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New Talent Showcase 6


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New Talent Showcase returns! Here are a few things I have picked up on my travels. This week we look at work by Tin Can Forest, Connor Willumsen, and Ed Choy.

First up: Connor Willumsen.

Connor Willumsen has been amassing a small mountain of mini-comics over the last couple of years. I think he is a terrific drawer and someone who is capable of “de-compressing” his sequencing like an animator. Jupiter Leucetius! Send Us a King. We Are So Bored. (the red covered book below) is an excellent example of how Willumsen uses simple formal transitions to propel the narrative forward. A story about a birth and how a “transcriber” nurse discerns if the baby is of “superior talent” (send us a King). Reads very much like automatic writing. This is part one — not totally sure where it is going but I enjoyed it greatly.

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Below – format fever in full effect. Four by Willumsen.

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Connor Willumsen – from Jupiter Leucetius! Send Us a King. We Are So Bored. (below)

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“UNTITLED” by Mum Pittsburg (below) is another great example of how Willumsen uses simple layouts, clear linework and decompressed action to construct a visually compelling short story that reads like a breeze (The linked to web version scroll of course reads differently than the printed zine below). The short story of a sort of science fair demo by a man named Mum Pittsburg, who sits in a chair and uses his “Untitled” (a blob of flesh) to wow the audience with a Moebius-like metaphysical romp. Hard to describe with words, it is essentially an opportunity to show off his drawing chops and deliver it all in a neat little package. Reminds me a little of Chester Brown’s wacky science stuff. Check it out at the link above.

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Connor Willumsen – from “Untitled” by Mum Pittsburg (below)

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more from “Untitled” by Mum Pittsburg (below)

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Ed Choy first came to my attention as the editor of Ghost Stories – a Xeric award winning anthology with a great contributor list. I’ve seen his work here and there on Tumblr but for whatever reason have never come across a comic of his own until the recently released Ed Choy Draws James Joyce. Preview here.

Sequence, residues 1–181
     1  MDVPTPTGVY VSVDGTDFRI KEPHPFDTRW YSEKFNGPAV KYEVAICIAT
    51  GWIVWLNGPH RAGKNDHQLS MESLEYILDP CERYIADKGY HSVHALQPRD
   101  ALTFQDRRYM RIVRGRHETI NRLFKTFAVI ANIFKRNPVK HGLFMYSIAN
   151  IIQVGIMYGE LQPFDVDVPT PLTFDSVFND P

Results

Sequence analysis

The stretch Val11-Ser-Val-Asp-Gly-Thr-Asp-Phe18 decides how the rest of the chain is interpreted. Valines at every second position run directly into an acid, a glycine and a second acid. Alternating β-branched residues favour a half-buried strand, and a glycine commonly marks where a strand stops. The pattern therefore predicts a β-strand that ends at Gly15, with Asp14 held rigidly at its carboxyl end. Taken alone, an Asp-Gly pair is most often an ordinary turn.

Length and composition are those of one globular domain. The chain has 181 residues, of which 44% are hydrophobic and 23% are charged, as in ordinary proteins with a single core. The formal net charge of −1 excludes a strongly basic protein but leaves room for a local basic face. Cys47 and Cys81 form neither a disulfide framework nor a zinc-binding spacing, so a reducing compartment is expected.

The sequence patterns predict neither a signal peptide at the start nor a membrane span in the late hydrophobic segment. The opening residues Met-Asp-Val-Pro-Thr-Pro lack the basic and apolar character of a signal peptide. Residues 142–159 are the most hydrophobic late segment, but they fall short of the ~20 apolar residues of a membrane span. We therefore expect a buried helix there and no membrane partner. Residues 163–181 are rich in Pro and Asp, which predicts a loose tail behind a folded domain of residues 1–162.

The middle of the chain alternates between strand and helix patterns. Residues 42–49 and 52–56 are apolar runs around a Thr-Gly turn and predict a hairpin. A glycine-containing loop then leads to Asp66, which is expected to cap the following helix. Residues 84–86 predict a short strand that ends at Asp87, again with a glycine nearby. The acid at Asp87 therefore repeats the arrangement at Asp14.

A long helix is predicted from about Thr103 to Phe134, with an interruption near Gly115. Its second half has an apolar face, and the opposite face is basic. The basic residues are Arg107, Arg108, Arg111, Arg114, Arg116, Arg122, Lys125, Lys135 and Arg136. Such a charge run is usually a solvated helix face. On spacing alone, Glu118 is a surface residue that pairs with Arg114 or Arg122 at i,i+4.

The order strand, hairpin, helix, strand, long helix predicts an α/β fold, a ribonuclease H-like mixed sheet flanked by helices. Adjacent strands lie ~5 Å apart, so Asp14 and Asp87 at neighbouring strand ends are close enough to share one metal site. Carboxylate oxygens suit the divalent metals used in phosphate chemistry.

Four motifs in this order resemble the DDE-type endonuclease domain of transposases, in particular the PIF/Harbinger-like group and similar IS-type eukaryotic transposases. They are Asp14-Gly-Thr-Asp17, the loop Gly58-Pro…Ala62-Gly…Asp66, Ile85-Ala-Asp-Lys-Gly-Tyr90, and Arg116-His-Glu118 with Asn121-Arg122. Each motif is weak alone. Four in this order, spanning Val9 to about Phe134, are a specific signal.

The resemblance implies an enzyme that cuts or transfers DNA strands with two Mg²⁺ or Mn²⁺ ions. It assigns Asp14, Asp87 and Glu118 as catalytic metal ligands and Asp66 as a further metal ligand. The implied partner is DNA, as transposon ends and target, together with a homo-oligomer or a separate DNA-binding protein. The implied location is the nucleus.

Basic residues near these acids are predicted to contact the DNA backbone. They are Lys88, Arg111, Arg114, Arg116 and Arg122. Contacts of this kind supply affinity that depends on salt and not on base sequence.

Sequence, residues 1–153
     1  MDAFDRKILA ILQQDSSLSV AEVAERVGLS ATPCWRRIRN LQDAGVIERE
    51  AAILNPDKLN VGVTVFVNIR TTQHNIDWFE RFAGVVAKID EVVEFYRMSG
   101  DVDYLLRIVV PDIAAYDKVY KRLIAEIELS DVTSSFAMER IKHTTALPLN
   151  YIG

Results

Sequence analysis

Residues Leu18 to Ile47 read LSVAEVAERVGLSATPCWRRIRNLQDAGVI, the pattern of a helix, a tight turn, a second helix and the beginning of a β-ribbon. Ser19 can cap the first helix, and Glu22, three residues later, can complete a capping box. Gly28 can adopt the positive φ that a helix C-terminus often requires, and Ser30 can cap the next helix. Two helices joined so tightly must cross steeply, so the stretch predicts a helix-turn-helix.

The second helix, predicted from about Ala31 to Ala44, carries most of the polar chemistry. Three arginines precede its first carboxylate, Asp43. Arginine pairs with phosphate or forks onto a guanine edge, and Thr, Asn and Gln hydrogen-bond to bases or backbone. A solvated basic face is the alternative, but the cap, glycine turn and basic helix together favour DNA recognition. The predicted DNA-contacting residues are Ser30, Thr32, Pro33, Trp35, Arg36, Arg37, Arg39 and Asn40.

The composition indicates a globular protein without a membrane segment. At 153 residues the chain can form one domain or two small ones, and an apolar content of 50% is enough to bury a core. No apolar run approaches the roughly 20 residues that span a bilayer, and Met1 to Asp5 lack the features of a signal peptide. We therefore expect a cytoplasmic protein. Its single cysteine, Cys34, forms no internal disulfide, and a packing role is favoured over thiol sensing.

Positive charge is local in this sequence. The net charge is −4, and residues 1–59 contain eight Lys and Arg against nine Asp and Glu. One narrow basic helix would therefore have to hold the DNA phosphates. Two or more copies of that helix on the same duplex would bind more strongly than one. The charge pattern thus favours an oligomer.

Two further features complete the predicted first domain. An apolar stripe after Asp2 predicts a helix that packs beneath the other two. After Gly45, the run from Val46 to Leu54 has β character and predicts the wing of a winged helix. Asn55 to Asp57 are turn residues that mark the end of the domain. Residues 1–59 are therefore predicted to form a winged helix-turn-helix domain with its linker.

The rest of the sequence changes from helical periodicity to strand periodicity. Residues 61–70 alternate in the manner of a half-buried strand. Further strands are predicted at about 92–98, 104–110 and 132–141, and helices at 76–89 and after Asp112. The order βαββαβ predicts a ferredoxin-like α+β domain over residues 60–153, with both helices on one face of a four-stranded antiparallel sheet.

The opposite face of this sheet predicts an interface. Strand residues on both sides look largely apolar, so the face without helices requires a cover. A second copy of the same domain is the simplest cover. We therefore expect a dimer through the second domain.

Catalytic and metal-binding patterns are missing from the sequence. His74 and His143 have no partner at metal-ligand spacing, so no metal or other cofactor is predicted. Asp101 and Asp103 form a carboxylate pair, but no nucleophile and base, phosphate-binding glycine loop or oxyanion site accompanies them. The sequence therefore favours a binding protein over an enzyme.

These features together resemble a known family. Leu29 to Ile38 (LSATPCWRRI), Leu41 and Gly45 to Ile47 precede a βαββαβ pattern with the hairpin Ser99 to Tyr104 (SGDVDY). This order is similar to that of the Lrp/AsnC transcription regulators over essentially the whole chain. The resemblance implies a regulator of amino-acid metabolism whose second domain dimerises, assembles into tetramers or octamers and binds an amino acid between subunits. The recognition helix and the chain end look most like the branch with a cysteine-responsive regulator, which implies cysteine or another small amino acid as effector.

Printed on a Risograph and alternating between a purple and blue monochrome for each spread with a super sweet pink and blue cover, this little comic book is a beaut. Choy uses James Joyce’s “Araby” short story from Dubliners as a structure for his lively and well executed cartooning. I’m not the biggest fan of comic book adaptations of famous prose stories, but I have to admit that Choy does a very good job of handling the material. It’s his figure drawing and “cartoony realism” in counterpoint to the grittiness of early 20th century Dublin that makes it work, I think. Also the style is successful at depicting young love and the not yet adult world of the characters.

My only gripe – as always – is that Choy uses layouts in a way that detracts from the strength of his drawings. Most pages have one large tier or panel that focuses the eye at the near exclusion of the rest of the page, which is too bad since the drawing is very strong across the spread (sometimes this is ok – like when he goes full page for dramatic effect). Choy corrects this “problem” at the end of the book with a nice little two-page spread, a grid that is an excerpt form Portrait of an Artist as a Young Man. See below. He also switches up the style for this little two pager and focuses less on fancy brush technique and more on solid drawing and tone. A great little book. Check it out.

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Ed Choy

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Ed Choy

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Ed Choy

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Ed Choy

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Ed Choy

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Tin Can Forest’s Wax Cross is a beautiful full color book published by Koyoma Press. It reads more like a film with a voiceover than a comic book. The images string together well – there is sequencing – and the text flows well but the overall effect is like two trains running on separate tracks. If there is a story I couldn’t figure it out as I was lost by page three. Try as I might as a reader, I couldn’t make the pretty prose poetry-like text and the animation-like drawings work together to create a whole. A gorgeous but ultimately flawed book. Worth a look.

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Tin Can Forest

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Tin Can Forest

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Tin Can Forest

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Tin Can Forest

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PERMANENT TOUR UPDATE

Hey! I am in New York City! I will be hosting workshops and mini comic book conventions in my summer studio in lower Manhattan. Please watch my Tumblr for details. Thanks!


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